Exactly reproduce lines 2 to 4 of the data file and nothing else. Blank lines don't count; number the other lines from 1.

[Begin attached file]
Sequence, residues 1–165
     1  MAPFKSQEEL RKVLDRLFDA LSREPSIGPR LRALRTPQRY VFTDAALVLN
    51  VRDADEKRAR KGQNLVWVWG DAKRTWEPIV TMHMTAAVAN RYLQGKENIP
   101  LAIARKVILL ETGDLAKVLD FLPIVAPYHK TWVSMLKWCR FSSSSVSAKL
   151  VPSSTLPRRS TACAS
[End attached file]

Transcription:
     1  MAPFKSQEEL RKVLDRLFDA LSREPSIGPR LRALRTPQRY VFTDAALVLN
    51  VRDADEKRAR KGQNLVWVWG DAKRTWEPIV TMHMTAAVAN RYLQGKENIP
   101  LAIARKVILL ETGDLAKVLD FLPIVAPYHK TWVSMLKWCR FSSSSVSAKL